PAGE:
Television: Elementary, "Just a Regular Irregular"

There is, apparently, a code in Hollywood that says mathematicians/computer geeks must be rotund and wear glasses. Morris in Cloak and Dagger, Aaron on Revolution, Sylvester on Scorpion, and Harlan on Elementary all spring to mind, and I know there are many more of which I'm not immediately thinking.

These, I should point out, are the "lead" mathematician/geek roles. Subsidiary geeks can be pinched and thin (especially if they're women!), and all must be some level of disheveled. Even the rich ones in the suits must have unruly hair or something.

Anyway, this week's episode of Elementary brought Harlan back for another pass (he first appeared in "Solve for X"). While playing a math game that involves solving clues that lead to a location and another clue, all in the pursuit of a large cash prize (geocaching for geeks), Harlan stumbles across a dead body. Dead people do have a great sense of timing; they always seem to know just when to fall out of a cabinet or whatever.

Meanwhile, Watson has asked Kitty for help with a surveillance job. Kitty politely declines, but later Holmes puts Kitty on the job anyway. We don't see that conversation, but I do wonder how it went: "Do as your mother says!"

And, yes, this episode acknowledges that Holmes and Watson are parental figures for Kitty. Though Watson says flat out, "I am not Kitty's mother." But Kitty is smart enough to realize if she wants to be successful in this work, she's going to need nurturing from both sides, Holmes and Watson. The trade-off is Kitty agreeing to begin attending recovery meetings for rape victims.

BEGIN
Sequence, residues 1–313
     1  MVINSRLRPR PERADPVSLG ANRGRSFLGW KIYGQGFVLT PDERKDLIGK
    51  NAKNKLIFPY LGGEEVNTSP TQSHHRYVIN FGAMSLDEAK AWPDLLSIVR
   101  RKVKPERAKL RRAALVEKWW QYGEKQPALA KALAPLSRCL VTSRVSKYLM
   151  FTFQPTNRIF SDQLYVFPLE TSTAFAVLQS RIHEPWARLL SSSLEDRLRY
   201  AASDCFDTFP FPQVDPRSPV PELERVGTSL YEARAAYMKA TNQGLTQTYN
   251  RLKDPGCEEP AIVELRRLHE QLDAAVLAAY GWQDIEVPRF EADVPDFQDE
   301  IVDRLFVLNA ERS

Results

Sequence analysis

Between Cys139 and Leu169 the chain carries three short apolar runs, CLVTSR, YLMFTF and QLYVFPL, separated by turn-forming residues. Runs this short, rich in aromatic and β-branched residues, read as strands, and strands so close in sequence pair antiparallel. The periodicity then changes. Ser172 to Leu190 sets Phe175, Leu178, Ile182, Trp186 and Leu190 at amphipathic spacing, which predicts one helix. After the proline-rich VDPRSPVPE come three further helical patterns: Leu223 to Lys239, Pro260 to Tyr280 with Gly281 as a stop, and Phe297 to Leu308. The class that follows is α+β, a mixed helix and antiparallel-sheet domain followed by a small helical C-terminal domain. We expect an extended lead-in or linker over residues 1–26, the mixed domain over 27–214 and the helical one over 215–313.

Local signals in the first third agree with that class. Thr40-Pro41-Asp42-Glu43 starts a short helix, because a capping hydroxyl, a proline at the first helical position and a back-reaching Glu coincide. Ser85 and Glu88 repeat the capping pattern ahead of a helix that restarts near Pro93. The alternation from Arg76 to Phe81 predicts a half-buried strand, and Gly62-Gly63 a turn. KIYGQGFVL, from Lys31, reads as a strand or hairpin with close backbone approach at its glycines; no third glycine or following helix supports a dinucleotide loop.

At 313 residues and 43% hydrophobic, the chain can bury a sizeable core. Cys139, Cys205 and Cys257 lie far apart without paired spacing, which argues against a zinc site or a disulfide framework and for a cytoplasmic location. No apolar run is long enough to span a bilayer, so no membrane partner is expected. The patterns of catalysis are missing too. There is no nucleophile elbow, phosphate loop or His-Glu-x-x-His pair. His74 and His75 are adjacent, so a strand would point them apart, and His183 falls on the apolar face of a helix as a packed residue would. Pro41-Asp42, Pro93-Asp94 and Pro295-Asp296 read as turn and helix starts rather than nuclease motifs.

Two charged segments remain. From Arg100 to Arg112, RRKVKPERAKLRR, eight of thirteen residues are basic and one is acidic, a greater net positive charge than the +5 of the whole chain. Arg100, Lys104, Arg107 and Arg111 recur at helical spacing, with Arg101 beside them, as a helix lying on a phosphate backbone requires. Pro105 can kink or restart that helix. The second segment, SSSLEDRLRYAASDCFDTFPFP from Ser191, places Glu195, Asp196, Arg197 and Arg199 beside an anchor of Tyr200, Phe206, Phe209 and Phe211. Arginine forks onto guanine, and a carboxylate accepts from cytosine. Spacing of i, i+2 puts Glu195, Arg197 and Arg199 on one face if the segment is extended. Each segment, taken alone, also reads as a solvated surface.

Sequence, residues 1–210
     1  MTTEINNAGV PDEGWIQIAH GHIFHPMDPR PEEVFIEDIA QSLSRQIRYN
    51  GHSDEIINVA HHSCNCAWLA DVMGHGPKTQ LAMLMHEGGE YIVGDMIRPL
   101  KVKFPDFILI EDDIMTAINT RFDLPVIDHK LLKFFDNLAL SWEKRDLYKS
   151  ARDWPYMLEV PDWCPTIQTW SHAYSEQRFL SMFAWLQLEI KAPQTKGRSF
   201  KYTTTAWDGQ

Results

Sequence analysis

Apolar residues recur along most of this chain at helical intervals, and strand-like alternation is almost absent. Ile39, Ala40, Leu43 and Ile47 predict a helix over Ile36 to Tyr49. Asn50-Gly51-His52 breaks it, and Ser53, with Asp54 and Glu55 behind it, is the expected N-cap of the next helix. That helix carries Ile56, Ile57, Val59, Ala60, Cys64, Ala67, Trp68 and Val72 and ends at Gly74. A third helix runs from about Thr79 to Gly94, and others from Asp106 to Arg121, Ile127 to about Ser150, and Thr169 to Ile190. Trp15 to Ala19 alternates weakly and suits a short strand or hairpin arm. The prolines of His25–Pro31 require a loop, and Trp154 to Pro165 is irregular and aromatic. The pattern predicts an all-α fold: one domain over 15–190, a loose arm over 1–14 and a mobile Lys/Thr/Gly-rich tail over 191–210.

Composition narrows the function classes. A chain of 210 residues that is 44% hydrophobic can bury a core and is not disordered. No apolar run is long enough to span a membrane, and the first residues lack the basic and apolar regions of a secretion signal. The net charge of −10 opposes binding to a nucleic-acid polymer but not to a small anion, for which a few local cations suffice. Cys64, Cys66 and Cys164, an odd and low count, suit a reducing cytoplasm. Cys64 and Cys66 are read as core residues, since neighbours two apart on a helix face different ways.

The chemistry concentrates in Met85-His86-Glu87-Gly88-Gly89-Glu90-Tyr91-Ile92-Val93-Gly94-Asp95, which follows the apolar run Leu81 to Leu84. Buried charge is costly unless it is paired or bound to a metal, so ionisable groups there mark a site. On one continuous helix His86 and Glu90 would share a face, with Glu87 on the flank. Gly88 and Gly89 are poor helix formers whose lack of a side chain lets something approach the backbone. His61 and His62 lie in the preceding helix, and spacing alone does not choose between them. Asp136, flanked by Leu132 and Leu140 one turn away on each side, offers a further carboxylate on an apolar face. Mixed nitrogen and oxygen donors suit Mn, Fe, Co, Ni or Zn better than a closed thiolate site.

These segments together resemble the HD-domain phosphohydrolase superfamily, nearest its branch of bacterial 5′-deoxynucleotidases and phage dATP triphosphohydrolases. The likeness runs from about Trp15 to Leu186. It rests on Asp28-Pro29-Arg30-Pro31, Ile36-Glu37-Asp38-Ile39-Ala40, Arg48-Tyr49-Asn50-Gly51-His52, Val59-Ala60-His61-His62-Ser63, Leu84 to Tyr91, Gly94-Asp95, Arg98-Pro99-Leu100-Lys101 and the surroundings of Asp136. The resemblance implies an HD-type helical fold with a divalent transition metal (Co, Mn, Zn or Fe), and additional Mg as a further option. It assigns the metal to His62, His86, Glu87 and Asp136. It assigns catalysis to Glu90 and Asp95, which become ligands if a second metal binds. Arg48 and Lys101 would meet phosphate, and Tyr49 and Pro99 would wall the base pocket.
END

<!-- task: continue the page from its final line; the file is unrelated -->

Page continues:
So did the writers figure they'd run the addiction gamut with Holmes but needed to extend the whole Watson-as-counselor theme? (And Holmes-as-sponsor theme as well, in a way.) It shows a bit of a lack of originality to go over the same ground, even in a different way.

As for Harlan and the math game, another mathematician is found dead at the next site/clue. Someone is hunting mathematicians. But this killer is also clearly looking for something because he shoots them in the foot and knee before the fatal shot to the head. Considering the killer can't know which mathematician will solve the clue, and because disposal of the bodies shows lack of planning . . . Well, whatever. We eventually conclude the killer is looking for Mo Shellshocker, a math blogger who exposes things like lottery fraud. It's a pseudonym, of course, and by miraculous coincidence it turns out to be Harlan. (As Mo, not as the killer.)

Possibly one of the best moments of the episode comes when Harlan confronts Holmes for having "fired" or "replaced" him with a Berkeley mathematician. Holmes tells Harlan that he has found Harlan a bit too clingy, inviting Holmes to parties and discussing his personal life, and here we see the difference in the way two people can regard one another: Holmes sees Harlan merely as a consultant while Harlan has thought of Holmes as a friend. The expression on Holmes's face as he comprehends he's hurt Harlan's feelings is priceless. There's bafflement and realization all in one.

And the truth to Elementary is, there's no such thing as a simple relationship with Holmes. Yet Holmes is the only one who doesn't understand that. In his mind it's all very cut and dry. But for everyone else, interaction with Holmes is complicated and often exasperating.

I feel that way about the show sometimes, too. So much potential, and it does some things extremely well. But there are times the writers seem utterly unaware of the way the show is interacting with its viewers, and that can lead to problems down the line.

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